“Your words matter” says the pineapple to the peach.

“You are such a mean mother, I hate you!”

“You don’t wear branded clothes?”


“Agra, how middle class, we went to Switzerland for our holidays”

Well, you cannot blame rude behaviour or back answering entirely on the child alone. We assist them with countless distractions that they have forgotten to value their own words. Conversations are fast replaced by gadgets and greetings to emojis. We have forgotten to talk ourselves and as a result our kids have underdeveloped social skills. Either we have become too cool and practical and think that speaking my mind is not a crime however harsh it may be or we don’t understand the fact that our words can be both healing as well as destructive to another being or beings. This is where the Pineapple analogy came to my rescue.


The pineapple analogy is a simple way to teach your kids when they’re being too sensitive and end up hurting their own feelings and how to be more sensitive to the feelings of others. Kids don’t automatically know how to treat others. Part of their child development is simply learning how to navigate their world, and what is socially acceptable.

And, I find that it’s most important when you’re talking about the social environment in your own home. Family can hurt us the deepest it seems. Why is it that we often treat others inside our home worse than we would treat those outside our home?

“Treat others like they have skin like a peach, and try to remember when words are said toward you to have a tough skin like a pineapple.”

I also think this analogy is a great segue to talk about bullying with our kids. Obviously we never want out kids to get picked on. It’s important to understand why kids bully, and we can help our kids understand that most kids aren’t mean. They are hurting inside from something else. Deep down, they are probably sweet, too.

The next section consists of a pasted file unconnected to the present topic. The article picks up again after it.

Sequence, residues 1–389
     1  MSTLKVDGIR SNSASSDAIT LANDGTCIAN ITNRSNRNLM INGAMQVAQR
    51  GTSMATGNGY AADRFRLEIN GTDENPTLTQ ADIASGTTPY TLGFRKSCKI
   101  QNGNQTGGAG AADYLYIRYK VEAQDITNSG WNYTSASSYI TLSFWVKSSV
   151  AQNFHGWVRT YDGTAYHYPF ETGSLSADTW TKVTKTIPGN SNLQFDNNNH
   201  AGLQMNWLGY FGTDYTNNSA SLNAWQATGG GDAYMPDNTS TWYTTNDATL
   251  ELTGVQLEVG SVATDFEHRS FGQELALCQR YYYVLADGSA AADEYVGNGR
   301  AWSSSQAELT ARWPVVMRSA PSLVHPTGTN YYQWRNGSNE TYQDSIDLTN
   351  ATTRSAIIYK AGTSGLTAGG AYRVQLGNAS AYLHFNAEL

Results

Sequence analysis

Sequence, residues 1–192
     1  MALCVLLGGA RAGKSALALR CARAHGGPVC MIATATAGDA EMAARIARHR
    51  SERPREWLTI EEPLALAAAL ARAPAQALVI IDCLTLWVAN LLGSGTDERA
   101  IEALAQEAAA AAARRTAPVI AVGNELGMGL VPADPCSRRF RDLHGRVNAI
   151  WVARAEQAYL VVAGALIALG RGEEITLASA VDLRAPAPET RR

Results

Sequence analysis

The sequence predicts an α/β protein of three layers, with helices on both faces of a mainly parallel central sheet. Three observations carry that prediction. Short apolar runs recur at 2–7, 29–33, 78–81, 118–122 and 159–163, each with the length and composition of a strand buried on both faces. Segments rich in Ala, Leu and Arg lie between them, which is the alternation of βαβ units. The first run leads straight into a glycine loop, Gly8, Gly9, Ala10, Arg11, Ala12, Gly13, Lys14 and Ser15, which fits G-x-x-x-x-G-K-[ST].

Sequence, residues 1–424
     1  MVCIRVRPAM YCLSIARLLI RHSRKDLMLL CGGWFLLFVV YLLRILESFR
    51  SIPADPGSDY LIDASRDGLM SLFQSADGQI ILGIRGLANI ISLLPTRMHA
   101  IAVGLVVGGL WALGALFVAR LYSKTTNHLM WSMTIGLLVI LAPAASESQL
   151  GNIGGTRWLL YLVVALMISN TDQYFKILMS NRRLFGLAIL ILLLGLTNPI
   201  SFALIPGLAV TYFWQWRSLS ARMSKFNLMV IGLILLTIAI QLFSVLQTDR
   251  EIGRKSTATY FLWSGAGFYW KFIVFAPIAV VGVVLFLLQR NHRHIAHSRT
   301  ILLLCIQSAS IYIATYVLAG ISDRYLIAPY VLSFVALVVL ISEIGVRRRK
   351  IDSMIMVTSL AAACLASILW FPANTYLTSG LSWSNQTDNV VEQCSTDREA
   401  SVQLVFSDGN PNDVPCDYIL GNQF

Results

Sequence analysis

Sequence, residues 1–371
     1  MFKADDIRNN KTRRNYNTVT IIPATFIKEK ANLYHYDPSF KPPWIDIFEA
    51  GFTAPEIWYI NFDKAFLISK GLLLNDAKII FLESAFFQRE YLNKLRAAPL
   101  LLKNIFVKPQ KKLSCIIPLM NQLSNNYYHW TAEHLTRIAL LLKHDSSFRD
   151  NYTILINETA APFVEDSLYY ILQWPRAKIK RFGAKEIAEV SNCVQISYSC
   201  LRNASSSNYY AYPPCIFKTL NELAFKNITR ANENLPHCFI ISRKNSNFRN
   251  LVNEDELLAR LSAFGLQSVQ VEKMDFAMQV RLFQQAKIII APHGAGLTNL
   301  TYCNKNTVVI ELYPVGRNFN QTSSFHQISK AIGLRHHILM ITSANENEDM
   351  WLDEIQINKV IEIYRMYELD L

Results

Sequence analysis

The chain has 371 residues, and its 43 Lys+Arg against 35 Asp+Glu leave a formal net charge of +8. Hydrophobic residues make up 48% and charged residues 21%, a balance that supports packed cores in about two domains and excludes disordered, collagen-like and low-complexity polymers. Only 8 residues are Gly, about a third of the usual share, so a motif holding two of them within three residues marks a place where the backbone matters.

One of the best parts of this pineapple analogy is that you can teach your kids that both fruits are soft, sweet, and juicy on the inside. Our outsides are very different. Some people have a really thick skin, and some people are more fragile and can’t take hurtful words as easily. That’s why it’s best to treat everyone like a peach, and try hard to be like a pineapple ourselves. Because inside, we’re all good. We all have the potential to be sweet.


The goal isn’t to teach our kids that their feelings aren’t valid. It’s more about teaching them that while they have every right to feel the way they do, there are two lessons we can learn from most situations that hurt us:

  1. We can always try to be more kind, because our words DO matter and
  2. We can always try to turn the other cheek, put on the skin of a pineapple, and forgive when others hurt our feelings.

Remember, have skin like a pineapple!” or “Treat others like they have skin like a peach!” Either way, I hope more than anything they’ll understand the important lesson behind it.

Let them know that the display of emotions is totally fine, but what they need to practice is how to tackle difficult times mindfully and find a solution without hurting the feelings of others. Connecting before correcting, and choosing to respond to a calamity rather that reacting is the key.

Because finally your words totally matter.


Think of a situation where you could have behaved differently and showed empathy. Replicate a peach and stop being a pineapple next time.

Happiness and sunshine 🌼



One Comment Add yours

  1. 👏🏼👏🏼👏🏼✨ thank you

    Liked by 1 person

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